Experiencing The Andrews Raid on its anniversary

KENNESAW, Ga. — Sitting in a Chattanooga, Tenn., jail and faced with only hours left to live, James J. Andrews had a sense of tranquility.

It was June 5, 1862, less than two months after Andrews led a daring raid behind enemy lines. The Andrews Raid, as it is today known, aimed to destroy the Western & Atlantic Railroad, a major lifeline between Atlanta and Chattanooga.

“The sentence seems a hard one for the crime proven against me, but I suppose the court that tried me thought otherwise,” Andrews wrote in a letter to D.S. McGavic in Flemingsburg, Ky., Andrews’ home town. “I have now calmly submitted to my fate and have been earnestly engaged in preparing to meet my God in peace. … I never supposed it possible that a man could feel so entire a change under similar circumstances.”

Two days later, Andrews was taken by train to the present day intersection of Juniper and Third streets in Atlanta and hanged. His body was buried in a shallow grave, where it remained for more than two decades when it was exhumed and re-interred at Chattanooga National Cemetery.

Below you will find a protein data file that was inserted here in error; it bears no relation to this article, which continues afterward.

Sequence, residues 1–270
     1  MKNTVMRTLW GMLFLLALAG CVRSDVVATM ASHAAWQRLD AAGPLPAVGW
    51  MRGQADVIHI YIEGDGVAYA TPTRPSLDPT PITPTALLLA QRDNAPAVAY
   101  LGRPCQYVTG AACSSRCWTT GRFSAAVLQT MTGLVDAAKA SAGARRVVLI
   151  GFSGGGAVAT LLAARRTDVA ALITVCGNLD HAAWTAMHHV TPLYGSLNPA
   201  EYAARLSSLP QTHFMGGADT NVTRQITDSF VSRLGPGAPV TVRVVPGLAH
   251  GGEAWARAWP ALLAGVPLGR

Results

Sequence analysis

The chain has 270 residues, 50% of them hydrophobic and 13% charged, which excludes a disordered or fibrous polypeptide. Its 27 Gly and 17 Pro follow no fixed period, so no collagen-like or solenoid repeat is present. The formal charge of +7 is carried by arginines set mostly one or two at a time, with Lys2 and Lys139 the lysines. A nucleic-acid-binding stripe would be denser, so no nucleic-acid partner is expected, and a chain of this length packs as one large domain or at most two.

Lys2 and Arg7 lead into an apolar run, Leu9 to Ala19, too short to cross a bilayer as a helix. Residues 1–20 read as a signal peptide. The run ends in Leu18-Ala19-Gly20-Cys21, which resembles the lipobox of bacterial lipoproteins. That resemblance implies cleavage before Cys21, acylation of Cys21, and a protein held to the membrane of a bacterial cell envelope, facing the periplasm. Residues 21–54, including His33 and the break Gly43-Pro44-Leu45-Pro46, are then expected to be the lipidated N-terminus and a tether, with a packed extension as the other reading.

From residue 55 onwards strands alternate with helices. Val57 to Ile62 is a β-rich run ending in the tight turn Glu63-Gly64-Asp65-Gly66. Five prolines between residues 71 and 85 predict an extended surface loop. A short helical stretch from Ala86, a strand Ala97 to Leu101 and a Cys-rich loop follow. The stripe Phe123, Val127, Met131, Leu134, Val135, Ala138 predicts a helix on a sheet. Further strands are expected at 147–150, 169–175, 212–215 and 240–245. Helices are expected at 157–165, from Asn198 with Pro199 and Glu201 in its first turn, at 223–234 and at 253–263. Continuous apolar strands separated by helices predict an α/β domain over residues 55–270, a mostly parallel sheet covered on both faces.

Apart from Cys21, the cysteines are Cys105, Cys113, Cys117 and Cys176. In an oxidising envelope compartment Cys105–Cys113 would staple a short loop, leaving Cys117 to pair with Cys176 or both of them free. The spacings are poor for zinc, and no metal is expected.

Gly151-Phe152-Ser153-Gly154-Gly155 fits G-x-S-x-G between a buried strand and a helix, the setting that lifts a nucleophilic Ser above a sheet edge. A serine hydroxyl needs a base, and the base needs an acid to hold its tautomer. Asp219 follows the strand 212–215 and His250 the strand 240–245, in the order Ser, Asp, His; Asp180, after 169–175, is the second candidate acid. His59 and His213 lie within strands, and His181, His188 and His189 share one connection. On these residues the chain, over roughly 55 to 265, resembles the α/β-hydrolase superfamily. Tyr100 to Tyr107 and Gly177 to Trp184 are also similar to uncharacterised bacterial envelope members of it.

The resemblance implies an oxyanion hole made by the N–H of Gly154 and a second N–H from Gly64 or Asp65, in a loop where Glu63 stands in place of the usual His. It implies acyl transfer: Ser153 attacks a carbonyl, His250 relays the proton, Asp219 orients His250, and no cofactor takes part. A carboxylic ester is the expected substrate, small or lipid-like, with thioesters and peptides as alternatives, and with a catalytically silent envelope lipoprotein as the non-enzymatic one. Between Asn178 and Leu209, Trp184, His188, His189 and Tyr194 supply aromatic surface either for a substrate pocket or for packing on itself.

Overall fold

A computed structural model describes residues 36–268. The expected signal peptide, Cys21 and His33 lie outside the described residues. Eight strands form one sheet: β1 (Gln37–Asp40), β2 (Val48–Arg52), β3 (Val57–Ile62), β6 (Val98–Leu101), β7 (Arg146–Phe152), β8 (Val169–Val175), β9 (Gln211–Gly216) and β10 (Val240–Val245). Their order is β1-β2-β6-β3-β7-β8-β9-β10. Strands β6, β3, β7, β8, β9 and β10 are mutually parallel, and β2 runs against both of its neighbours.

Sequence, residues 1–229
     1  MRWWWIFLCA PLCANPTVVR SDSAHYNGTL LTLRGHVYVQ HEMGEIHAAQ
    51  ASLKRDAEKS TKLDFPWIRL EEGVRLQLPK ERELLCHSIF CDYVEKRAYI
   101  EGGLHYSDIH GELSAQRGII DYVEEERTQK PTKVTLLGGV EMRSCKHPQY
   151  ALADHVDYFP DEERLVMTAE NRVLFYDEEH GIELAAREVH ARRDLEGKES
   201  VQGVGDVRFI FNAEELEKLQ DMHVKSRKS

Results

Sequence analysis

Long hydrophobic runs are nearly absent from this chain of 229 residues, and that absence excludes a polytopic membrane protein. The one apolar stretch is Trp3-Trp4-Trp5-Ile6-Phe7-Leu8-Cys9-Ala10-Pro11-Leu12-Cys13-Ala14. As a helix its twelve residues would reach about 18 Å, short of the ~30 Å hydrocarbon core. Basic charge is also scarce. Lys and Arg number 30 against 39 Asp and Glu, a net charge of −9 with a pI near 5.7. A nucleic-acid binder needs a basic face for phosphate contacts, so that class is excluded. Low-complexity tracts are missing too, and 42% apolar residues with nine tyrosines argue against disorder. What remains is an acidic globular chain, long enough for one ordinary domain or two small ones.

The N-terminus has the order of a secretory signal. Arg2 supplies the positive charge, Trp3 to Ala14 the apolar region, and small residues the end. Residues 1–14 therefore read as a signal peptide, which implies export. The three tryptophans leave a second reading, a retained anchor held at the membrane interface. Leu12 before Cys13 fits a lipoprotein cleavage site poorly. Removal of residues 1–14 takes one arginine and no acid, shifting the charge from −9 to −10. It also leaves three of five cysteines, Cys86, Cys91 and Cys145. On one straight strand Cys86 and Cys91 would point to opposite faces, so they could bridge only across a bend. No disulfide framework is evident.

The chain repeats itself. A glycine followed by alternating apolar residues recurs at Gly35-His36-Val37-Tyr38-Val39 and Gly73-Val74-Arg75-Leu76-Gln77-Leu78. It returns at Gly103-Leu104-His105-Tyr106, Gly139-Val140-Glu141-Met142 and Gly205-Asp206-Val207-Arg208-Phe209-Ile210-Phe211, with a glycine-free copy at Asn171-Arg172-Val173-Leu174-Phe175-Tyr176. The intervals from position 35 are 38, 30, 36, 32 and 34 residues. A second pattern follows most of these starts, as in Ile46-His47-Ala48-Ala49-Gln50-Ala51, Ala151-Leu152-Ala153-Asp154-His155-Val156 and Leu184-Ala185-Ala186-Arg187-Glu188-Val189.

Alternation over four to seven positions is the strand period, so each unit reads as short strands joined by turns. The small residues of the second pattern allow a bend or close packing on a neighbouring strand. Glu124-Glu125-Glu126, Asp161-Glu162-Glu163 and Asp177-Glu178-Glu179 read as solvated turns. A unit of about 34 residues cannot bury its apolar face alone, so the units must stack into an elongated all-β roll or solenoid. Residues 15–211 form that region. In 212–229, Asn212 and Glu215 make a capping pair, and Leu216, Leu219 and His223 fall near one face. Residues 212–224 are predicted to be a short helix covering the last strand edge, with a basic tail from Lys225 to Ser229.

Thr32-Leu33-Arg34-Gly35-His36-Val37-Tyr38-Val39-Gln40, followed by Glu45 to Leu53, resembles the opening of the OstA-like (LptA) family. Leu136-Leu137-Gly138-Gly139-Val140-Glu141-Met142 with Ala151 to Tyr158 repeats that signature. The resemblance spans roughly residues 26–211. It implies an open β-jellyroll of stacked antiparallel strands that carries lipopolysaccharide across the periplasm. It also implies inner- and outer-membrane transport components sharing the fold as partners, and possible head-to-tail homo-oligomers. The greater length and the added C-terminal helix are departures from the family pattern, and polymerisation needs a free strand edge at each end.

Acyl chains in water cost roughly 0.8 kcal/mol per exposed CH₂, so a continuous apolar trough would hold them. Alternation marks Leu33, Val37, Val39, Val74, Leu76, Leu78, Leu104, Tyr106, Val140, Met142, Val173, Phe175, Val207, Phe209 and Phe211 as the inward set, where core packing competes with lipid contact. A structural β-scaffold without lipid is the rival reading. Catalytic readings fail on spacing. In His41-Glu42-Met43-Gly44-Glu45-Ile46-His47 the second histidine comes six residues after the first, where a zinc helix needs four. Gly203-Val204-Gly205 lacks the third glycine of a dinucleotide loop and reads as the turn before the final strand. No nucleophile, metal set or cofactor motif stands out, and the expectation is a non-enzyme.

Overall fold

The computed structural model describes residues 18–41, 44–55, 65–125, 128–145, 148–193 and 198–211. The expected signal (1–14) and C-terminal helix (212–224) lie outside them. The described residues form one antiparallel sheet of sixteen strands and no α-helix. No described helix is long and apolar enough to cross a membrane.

The Andrews Raid, also known as the Great Locomotive Chase, is one of the more colorful events that took place during the Civil War. A number of museums and historic markers in Georgia remember the raid, including:

Southern Museum of Civil War and Locomotive History, Kennesaw

The General steam engine, the star of the Andrews Raid, is the centerpiece of The Southern Museum of Civil War and Locomotive History. Beyond its extensive raid-related collection, the museum is home to many war and railroad exhibits. It’s also home to a display about Glover Machine Works, a local engine builder. The Glover exhibit gives museum goers a look at how steam locomotives were built and what a factory of that era would have looked like.

The Cyclorama, Atlanta

Located in Grant Park, The Cyclorama is best known for its painted depiction of the Battle of Atlanta on July 22, 1864. The theater rotates in a 360-degree circle, allowing the audience to see the entire 42-foot-tall painting. There’s also narration on each part of the scene as the room rotates. While visitors are waiting to view the painting, they have the chance to see the locomotive Texas, the engine that ultimately caught up with the General to help end the Great Locomotive Chase.

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